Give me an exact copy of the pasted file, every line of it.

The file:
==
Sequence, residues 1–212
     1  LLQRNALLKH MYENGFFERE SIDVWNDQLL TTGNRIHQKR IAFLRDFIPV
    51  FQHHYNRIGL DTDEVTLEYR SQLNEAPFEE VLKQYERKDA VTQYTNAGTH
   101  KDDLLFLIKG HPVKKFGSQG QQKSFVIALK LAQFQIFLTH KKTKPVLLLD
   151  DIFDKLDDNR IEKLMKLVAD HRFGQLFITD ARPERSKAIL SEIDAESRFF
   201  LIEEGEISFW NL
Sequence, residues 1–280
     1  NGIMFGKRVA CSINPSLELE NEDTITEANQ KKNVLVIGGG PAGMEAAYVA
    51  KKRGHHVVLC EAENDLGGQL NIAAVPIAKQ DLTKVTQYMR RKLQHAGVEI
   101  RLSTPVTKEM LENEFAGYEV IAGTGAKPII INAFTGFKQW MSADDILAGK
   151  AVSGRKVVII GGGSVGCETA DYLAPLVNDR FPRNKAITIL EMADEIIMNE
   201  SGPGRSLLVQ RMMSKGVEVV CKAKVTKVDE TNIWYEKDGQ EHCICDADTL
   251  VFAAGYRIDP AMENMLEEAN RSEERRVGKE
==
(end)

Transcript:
Sequence, residues 1–212
     1  LLQRNALLKH MYENGFFERE SIDVWNDQLL TTGNRIHQKR IAFLRDFIPV
    51  FQHHYNRIGL DTDEVTLEYR SQLNEAPFEE VLKQYERKDA VTQYTNAGTH
   101  KDDLLFLIKG HPVKKFGSQG QQKSFVIALK LAQFQIFLTH KKTKPVLLLD
   151  DIFDKLDDNR IEKLMKLVAD HRFGQLFITD ARPERSKAIL SEIDAESRFF
   201  LIEEGEISFW NL
Sequence, residues 1–280
     1  NGIMFGKRVA CSINPSLELE NEDTITEANQ KKNVLVIGGG PAGMEAAYVA
    51  KKRGHHVVLC EAENDLGGQL NIAAVPIAKQ DLTKVTQYMR RKLQHAGVEI
   101  RLSTPVTKEM LENEFAGYEV IAGTGAKPII INAFTGFKQW MSADDILAGK
   151  AVSGRKVVII GGGSVGCETA DYLAPLVNDR FPRNKAITIL EMADEIIMNE
   201  SGPGRSLLVQ RMMSKGVEVV CKAKVTKVDE TNIWYEKDGQ EHCICDADTL
   251  VFAAGYRIDP AMENMLEEAN RSEERRVGKE